First hotel in downtown Marriott complex to open doors

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The first of four hotels completed as part of the $450 million Marriott Place project in downtown Indianapolis is scheduled to open Wednesday.

The Fairfield Inn & Suites on West Washington Street features 168 rooms, including 34 suites, as well as the return of a TGI Friday’s restaurant, which will be the chain’s largest. The eatery underwent an extensive remodeling after closing in May 2008.

The 1,600-room Marriott Place includes the flagship J.W. Marriott that is expected to be finished in February 2011. Construction of the 1,005-room anchor was essential to the city’s winning bid to host the 2012 Super Bowl.
Two more hotels that are part of the complex, a Courtyard by Marriott and a SpringHill Suites, both are slated to open late this month.

Among the first guests to stay at the Fairfield will be a group of retired Indianapolis firefighters whom the city is honoring.

“We’re thrilled to be opening for business and welcoming guests into our hotel, and we are particularly happy that we can use this occasion to honor such a deserving group and their families, who’ve given so much to Indianapolis,” Kim Meyerholtz, Fairfield general manager, said in a prepared statement.

Indianapolis-based Wilhelm Construction Co. Inc. served as general contractor on the Fairfield and TGI Friday’s projects.

Merrillville-based White Lodging and locally based REI Investments are developing Marriott Place.

Altogether, downtown Indianapolis boasts more than 5,500 hotel rooms. Adding the 1,600 Marriott Place rooms will increase the total number of rooms by almost 30 percent.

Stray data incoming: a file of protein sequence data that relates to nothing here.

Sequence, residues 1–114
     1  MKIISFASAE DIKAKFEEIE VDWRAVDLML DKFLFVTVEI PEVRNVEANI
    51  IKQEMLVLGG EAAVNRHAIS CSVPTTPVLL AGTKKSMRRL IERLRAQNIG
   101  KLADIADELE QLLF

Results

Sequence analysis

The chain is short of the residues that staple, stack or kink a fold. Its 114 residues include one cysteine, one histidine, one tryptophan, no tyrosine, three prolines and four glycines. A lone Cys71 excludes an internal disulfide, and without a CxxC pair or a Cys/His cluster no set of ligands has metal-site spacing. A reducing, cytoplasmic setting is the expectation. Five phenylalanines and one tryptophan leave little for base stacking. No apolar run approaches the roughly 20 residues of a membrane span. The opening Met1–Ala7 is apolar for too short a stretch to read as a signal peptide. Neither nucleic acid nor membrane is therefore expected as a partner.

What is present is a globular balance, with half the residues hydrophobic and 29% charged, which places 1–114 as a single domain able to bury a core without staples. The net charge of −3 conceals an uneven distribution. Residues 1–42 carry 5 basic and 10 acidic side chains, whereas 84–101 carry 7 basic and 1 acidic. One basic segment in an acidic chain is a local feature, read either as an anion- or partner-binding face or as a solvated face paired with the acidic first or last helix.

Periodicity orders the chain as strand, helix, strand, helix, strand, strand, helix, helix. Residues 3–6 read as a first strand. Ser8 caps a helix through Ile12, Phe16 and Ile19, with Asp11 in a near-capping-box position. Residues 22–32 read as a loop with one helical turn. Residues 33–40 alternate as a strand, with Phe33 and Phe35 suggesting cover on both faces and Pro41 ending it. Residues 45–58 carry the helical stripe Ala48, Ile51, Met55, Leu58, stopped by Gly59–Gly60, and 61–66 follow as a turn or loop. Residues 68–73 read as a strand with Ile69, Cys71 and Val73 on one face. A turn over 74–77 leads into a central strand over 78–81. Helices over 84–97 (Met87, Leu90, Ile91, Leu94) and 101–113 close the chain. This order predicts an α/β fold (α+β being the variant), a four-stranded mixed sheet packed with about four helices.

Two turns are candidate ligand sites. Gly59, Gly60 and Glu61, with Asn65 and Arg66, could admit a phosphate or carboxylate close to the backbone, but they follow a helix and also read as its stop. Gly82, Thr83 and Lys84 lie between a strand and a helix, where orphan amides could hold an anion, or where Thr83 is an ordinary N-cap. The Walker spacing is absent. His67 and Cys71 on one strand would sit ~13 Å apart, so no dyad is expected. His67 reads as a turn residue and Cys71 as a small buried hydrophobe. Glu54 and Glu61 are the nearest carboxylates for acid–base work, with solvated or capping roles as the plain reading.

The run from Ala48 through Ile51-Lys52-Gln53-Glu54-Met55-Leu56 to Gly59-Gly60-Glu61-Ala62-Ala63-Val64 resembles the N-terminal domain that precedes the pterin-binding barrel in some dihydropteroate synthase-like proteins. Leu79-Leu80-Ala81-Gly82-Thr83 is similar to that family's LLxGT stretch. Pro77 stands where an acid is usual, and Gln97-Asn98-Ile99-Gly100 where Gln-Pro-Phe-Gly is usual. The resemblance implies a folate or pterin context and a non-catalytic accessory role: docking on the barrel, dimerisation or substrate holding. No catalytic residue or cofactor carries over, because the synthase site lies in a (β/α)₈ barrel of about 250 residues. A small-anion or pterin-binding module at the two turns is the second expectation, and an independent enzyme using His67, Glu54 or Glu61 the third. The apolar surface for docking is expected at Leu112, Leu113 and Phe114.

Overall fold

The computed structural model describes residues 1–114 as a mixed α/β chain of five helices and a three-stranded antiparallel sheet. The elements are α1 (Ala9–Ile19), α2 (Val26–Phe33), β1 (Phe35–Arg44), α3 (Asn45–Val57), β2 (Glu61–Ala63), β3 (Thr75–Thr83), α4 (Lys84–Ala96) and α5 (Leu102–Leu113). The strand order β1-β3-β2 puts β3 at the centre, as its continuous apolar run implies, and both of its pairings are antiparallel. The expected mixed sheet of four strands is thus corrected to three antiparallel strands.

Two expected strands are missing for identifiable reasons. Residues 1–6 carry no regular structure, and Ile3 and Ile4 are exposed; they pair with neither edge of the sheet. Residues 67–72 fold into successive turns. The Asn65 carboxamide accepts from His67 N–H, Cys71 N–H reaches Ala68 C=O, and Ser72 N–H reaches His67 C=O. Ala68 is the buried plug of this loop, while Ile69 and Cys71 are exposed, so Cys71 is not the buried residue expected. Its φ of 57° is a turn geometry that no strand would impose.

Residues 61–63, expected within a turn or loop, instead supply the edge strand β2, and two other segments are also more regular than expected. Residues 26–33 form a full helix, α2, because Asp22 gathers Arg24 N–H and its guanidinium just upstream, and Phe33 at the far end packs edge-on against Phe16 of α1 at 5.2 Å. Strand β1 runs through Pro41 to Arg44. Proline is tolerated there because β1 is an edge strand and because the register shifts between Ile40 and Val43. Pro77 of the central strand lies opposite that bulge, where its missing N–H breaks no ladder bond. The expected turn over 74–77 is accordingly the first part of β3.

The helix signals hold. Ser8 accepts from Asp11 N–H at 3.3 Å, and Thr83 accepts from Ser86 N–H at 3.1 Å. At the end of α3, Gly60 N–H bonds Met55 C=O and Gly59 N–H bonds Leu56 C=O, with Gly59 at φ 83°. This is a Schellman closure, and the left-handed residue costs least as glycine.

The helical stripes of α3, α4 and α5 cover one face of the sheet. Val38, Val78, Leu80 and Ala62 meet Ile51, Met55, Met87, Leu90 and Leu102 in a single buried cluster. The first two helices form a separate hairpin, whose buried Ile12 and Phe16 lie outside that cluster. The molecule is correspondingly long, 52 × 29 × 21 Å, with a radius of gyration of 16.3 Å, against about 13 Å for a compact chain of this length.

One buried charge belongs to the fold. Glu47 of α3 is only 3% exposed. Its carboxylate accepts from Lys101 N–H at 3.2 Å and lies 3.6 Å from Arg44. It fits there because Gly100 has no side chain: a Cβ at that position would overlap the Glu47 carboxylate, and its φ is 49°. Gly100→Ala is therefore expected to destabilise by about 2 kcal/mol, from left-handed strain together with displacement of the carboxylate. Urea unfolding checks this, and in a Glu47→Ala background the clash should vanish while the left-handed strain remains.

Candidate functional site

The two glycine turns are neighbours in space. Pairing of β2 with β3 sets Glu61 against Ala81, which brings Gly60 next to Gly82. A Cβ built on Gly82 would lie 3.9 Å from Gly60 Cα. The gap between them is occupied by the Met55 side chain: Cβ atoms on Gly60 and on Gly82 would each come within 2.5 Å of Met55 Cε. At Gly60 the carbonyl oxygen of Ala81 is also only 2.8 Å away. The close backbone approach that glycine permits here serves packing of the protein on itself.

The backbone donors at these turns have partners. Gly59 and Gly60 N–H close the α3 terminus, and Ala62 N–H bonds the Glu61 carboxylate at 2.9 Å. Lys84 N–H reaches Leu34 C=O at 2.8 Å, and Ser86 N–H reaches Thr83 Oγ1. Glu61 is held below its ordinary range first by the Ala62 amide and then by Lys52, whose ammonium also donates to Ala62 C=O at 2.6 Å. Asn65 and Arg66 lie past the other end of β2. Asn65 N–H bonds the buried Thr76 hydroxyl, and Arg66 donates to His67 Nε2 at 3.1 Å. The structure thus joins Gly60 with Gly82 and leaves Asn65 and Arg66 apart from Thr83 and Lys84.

The additional rooms will assist the Indianapolis Convention & Visitors Association’s efforts to attract more meetings to the Indiana Convention Center. It is undergoing an expansion that should be completed in February 2011.

The $275 million expansion adds 420,000 square feet of space. Including Lucas Oil Stadium, the complex will have 1.2 million square feet of convention space, 65 percent more than it had in the convention center and RCA Dome. That will make the city the 16th largest in the country in terms of convention space, an improvement from 32nd.


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  1. Those of you yelling to deport them all should at least understand that the law allows minors (if not from a bordering country) to argue for asylum. If you don't like the law, you can petition Congress to change it. But you can't blindly scream that they all need to be deported now, unless you want your government to just decide which laws to follow and which to ignore.

  2. 52,000 children in a country with a population of nearly 300 million is decimal dust or a nano-amount of people that can be easily absorbed. In addition, the flow of children from central American countries is decreasing. BL - the country can easily absorb these children while at the same time trying to discourage more children from coming. There is tension between economic concerns and the values of Judeo-Christian believers. But, I cannot see how the economic argument can stand up against the values of the believers, which most people in this country espouse (but perhaps don't practice). The Governor, who is an alleged religious man and a family man, seems to favor the economic argument; I do not see how his position is tenable under the circumstances. Yes, this is a complicated situation made worse by politics but....these are helpless children without parents and many want to simply "ship" them back to who knows where. Where are our Hoosier hearts? I thought the term Hoosier was synonymous with hospitable.

  3. Illegal aliens. Not undocumented workers (too young anyway). I note that this article never uses the word illegal and calls them immigrants. Being married to a naturalized citizen, these people are criminals and need to be deported as soon as humanly possible. The border needs to be closed NOW.

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